PMCCPMCCPMCC

Search tips
Search criteria 

Advanced

 
Logo of nihpaAbout Author manuscriptsSubmit a manuscriptHHS Public Access; Author Manuscript; Accepted for publication in peer reviewed journal;
 
Vaccine. Author manuscript; available in PMC 2010 September 2.
Published in final edited form as:
PMCID: PMC2932445
NIHMSID: NIHMS108331

The common Cryptococcus neoformans glucuronoxylomannan M2 motif elicits non-protective antibodies

Abstract

The Cryptococcus neoformans capsular glucuronoxylomannan (GXM) is a potential vaccine antigen that can elicit protective and non-protective antibodies. In an attempt to focus the immune response on a single antigenic component, a heptasaccharide oligosaccharide representing the major structural motif (M2) of the most common clinical isolate was synthesized and conjugated to Human serum albumin (HSA). Monoclonal antibodies (mAbs) generated from mice immunized with M2-HSA produced the characteristic punctuate immunofluorescence associated with non-protective mAbs. None of the mAbs elicited by M2 immunization were opsonic. Passive administration of mAbs elicited by M2-HSA was not protective and there was no difference in the survival of mice immunized with M2-HSA and HSA. Hence, we conclude that the M2 motif represents an antigenic determinant in C. neoformans GXM that elicits non-protective responses and is not a suitable vaccine candidate. Furthermore, the results illustrate the first molecular assignment of a C. neoformans polysaccharide epitope and suggest a general strategy for the identification of GXM epitopes.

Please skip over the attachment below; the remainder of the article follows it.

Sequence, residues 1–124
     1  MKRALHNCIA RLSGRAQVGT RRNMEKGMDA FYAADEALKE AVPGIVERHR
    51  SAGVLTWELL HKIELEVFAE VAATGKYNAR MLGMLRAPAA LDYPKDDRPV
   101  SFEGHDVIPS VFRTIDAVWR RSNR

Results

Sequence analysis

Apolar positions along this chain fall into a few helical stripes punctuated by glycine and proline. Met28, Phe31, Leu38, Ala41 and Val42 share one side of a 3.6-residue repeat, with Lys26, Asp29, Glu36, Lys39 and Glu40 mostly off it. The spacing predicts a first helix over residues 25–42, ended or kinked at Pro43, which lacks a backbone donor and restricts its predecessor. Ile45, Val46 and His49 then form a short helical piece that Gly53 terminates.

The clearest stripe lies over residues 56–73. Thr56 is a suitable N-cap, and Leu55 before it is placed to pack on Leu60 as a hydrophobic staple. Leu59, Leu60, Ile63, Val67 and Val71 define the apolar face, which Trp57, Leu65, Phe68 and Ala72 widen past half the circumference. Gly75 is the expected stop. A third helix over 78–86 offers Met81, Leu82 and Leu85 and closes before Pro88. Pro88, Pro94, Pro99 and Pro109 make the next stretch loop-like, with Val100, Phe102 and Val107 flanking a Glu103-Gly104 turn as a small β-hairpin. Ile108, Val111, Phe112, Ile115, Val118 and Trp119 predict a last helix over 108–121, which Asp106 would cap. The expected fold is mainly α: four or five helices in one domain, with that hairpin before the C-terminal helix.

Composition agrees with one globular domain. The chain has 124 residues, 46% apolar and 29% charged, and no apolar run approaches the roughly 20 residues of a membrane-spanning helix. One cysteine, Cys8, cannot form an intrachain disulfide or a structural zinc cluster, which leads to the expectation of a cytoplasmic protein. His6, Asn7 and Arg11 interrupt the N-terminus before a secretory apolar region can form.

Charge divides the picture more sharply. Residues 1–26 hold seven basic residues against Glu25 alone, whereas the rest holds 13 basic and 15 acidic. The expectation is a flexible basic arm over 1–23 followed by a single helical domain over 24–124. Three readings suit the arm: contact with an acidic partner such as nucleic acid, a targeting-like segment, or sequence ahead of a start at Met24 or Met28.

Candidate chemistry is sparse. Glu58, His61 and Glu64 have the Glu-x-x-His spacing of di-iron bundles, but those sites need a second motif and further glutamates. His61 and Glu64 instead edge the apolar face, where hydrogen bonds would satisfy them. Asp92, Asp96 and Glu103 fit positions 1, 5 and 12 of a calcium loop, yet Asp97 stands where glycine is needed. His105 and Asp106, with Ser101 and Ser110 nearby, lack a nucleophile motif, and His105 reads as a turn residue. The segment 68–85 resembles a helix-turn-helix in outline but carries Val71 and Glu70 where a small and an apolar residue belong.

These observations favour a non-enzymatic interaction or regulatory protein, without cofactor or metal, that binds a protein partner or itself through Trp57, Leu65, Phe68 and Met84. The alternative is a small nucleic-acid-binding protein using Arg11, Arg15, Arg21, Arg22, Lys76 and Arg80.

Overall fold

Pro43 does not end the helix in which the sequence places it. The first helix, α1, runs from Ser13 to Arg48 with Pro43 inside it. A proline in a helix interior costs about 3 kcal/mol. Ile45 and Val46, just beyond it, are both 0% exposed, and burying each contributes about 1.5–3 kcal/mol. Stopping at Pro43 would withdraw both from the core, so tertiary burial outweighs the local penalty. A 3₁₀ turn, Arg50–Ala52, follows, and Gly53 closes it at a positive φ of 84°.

Keywords: Antibody, Cryptococcus neoformans, Immune response, Vaccine

Introduction

Cryptococcus neoformans is a yeast-like fungus that is a major cause of meningoencephalitis individuals with impaired immunity, such as patients with AIDS [1]. Cryptococcosis is almost always fatal without therapy, yet the available therapies remain unsatisfactory, since current treatment requires prolonged administration of antifungal drugs and even with treatment there is high mortality and morbidity [1]. Other populations at risk include organ transplant recipients, individuals receiving immunosuppressive therapy, and occasional children with hyper IgM syndrome. Studies in rats have raised the possibility that the spectrum of C. neoformans-related disease may extent to the immunologically normal population where primary infection is often asymptomatic and lifelong [2]. Rats infected with C. neoformans are asymptomatic but manifest immune dysregulation in the lungs that translates into hyper-reactive airways, leading to the suggestion that cryptococcal infection may be a contributing factor to the pathogenesis of asthma [2]. Given the problem of cryptococcosis in immunosuppressed populations and the possibility that this infection is a co-factor in pulmonary disease of normal individuals there is considerable interest in development of an effective vaccine [3].